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AP Exchange: Shoshone artist’s work inspires tribal activism

June 13, 2019

RENO, Nev. (AP) — There’s an American Indian man in oversized reflective sunglasses sitting in the center of a painting. Over his shoulder, there’s a mess of dated electronics stacked under a cluttered television set. On the other side, a figure is immersed in a spiritual ritual below an eagle and a sky of billowing clouds.

The painting is a self-portrait of Jack Malotte, a Shoshone and Washoe artist who grew up on the Reno-Sparks Indian Colony reservation and has since made a career of creating prints, posters and paintings that have inspired both environmental and social activism nationwide.

“It’s what my living room looked like then,” the Reno native said of the piece entitled, “It’s Hard to be Traditional When You’re all Plugged In.” ″I was going to sweat lodges, but then too I had all these tangled cords in my home. I drew myself in between these two worlds.”

Much of Malotte’s work, now on display at the Nevada Museum of Art, is often about juxtaposition, whether it’s tradition versus modernism, or nature and technology.

“While his work celebrates the beauty of the Great Basin landscape, it also tackles important issues related to land use, natural resource extraction, militarization, and legacies of colonialism,” Nevada Museum of Art David Walker said of Malotte.

Walker called Malotte one of the most significant working artists in Nevada today.

Malotte’s depiction of himself in the 1983 “Plugged In” self-portrait is stone-faced, but the artist himself is large and jovial. He has thick silver hair and a warm smile. It’s hard to tell he harbors any bitterness at all, until you look at his work, which is often dark, biting commentary on how modern technology and military policy have had an impact on Native American culture and livelihoods.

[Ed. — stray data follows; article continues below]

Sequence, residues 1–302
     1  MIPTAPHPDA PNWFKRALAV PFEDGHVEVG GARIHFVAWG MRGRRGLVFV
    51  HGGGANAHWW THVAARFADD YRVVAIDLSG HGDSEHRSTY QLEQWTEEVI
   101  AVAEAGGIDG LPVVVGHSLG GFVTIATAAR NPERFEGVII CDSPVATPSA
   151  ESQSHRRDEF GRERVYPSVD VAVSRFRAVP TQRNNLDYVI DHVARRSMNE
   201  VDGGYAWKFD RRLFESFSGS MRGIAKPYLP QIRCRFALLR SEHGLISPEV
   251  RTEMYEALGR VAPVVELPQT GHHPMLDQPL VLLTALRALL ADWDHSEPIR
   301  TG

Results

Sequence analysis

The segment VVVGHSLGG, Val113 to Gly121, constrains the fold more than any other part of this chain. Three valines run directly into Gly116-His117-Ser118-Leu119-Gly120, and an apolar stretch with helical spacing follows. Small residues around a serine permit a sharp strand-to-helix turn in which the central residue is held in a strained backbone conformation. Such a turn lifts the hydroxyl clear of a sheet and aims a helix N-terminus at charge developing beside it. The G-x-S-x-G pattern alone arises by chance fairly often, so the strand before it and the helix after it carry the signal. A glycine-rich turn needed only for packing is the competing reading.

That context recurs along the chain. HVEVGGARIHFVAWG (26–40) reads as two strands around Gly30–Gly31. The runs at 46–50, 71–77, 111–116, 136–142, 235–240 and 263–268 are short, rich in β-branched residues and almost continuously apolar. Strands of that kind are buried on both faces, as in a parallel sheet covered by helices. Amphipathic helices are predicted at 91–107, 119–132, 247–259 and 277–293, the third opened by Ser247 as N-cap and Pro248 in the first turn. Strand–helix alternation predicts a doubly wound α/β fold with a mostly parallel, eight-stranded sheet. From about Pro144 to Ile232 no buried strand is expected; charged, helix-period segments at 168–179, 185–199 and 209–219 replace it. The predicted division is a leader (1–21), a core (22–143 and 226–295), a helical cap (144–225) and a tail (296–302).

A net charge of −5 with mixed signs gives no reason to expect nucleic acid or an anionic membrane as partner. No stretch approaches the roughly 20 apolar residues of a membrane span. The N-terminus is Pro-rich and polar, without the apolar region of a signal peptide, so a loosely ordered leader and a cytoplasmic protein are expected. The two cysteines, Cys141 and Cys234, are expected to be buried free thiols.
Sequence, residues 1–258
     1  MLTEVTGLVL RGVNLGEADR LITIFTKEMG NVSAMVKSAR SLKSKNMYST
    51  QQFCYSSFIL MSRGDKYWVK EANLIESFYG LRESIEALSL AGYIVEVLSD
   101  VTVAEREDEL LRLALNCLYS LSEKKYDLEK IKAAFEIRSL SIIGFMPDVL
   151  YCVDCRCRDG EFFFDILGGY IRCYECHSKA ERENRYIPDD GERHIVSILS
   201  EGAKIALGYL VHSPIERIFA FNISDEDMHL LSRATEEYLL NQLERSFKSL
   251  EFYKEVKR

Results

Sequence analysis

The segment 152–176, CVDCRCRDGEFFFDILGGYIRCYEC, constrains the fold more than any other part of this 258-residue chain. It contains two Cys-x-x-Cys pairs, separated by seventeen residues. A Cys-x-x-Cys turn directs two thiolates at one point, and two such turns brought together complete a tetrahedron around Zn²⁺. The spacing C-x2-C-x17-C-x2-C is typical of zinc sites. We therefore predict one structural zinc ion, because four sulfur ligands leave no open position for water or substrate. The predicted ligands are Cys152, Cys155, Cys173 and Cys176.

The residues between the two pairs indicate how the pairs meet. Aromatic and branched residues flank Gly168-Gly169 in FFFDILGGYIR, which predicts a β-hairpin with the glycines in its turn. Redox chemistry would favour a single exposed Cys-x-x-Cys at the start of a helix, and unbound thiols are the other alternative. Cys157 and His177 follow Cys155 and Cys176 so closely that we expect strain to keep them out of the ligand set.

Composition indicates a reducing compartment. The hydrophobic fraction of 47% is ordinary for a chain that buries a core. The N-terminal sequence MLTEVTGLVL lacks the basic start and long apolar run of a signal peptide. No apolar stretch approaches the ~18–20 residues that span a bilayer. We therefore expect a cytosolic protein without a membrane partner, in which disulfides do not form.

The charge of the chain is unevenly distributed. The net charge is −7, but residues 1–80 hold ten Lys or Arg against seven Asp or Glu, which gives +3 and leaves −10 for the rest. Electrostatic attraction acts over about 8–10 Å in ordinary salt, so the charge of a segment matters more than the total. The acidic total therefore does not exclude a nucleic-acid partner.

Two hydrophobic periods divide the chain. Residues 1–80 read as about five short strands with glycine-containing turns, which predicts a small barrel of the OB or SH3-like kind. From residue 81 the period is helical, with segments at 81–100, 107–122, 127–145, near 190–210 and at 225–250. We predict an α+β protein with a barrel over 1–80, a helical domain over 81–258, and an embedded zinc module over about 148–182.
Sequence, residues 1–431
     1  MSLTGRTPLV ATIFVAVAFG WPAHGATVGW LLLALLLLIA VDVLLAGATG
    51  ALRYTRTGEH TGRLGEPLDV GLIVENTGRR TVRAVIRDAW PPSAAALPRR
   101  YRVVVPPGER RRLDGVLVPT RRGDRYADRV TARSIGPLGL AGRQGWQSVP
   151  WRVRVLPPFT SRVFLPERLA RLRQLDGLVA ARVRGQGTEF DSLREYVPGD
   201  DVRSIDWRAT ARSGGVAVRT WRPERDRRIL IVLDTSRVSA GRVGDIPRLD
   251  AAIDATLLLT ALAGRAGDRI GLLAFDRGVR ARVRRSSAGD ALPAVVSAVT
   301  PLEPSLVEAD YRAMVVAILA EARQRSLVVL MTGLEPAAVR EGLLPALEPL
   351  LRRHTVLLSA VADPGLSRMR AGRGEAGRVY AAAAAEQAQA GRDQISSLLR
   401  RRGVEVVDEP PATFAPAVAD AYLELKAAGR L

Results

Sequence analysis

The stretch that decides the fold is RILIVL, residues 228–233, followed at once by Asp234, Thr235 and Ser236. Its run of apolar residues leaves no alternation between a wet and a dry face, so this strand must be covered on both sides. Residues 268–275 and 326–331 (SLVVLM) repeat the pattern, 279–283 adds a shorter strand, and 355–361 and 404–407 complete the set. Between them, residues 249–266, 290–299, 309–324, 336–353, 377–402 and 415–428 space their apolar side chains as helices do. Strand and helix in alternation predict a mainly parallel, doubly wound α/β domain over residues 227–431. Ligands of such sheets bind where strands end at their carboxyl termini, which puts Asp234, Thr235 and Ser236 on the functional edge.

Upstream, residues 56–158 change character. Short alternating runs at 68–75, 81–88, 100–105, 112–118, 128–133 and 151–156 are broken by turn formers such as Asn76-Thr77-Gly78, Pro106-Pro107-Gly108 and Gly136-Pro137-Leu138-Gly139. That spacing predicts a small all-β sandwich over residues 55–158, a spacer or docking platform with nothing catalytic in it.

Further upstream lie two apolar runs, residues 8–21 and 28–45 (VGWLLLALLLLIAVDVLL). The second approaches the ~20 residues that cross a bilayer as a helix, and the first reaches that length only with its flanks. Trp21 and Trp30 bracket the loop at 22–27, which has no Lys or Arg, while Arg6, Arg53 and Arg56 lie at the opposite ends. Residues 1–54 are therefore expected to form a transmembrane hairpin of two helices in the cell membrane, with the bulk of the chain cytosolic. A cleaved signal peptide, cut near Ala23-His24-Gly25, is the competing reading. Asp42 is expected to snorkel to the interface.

The Nevada Museum of Art this week is opening “Jack Malotte: Sagebrush Heathen,” an exhibition that will include many of his earliest works, some of his more recent works and even a mural painted by Malotte this past week on the museum’s south wall. The exhibition runs through Oct. 20.

“I’m always trying to figure out how to mix it up,” said Malotte.

Malotte has been creating art since he was a child. He grew up always doodling, he said, and always admiring his uncle, a draftsman for the local power company in the 1960s.

Inspired, Malotte took drafting classes in high school and went on to study art at what is now the California College of the Arts in Oakland. he spent summers as a wildland firefighter, taking in rare glimpses of untouched Western landscape that later informed his technicolor skies and mountains.

“When you’re out there all the time, that’s all you think about,” Malotte said, explaining that nature was always top of mind during his youth.

It wasn’t until the late 1970s and early 1980s that his art, and his love for the great outdoors, met a greater purpose. Malotte at the time began to ally himself with variety of grassroots organizations, many of them intent on bringing environmental justice to Native American tribes: Western Shoshone Sacred Lands Association, Seventh Generation Fund and various nuclear testing resistance groups.